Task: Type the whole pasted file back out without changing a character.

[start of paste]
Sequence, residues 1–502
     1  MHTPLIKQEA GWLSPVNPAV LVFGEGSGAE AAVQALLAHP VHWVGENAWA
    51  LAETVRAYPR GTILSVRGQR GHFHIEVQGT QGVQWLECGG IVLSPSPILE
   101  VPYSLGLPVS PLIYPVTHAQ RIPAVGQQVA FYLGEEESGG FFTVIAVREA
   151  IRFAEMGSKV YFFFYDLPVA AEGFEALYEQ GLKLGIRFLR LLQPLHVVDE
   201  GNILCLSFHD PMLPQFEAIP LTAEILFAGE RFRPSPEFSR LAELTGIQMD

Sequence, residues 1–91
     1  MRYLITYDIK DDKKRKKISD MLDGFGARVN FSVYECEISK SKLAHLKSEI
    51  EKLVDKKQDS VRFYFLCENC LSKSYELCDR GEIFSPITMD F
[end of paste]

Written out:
Sequence, residues 1–502
     1  MHTPLIKQEA GWLSPVNPAV LVFGEGSGAE AAVQALLAHP VHWVGENAWA
    51  LAETVRAYPR GTILSVRGQR GHFHIEVQGT QGVQWLECGG IVLSPSPILE
   101  VPYSLGLPVS PLIYPVTHAQ RIPAVGQQVA FYLGEEESGG FFTVIAVREA
   151  IRFAEMGSKV YFFFYDLPVA AEGFEALYEQ GLKLGIRFLR LLQPLHVVDE
   201  GNILCLSFHD PMLPQFEAIP LTAEILFAGE RFRPSPEFSR LAELTGIQMD

Sequence, residues 1–91
     1  MRYLITYDIK DDKKRKKISD MLDGFGARVN FSVYECEISK SKLAHLKSEI
    51  EKLVDKKQDS VRFYFLCENC LSKSYELCDR GEIFSPITMD F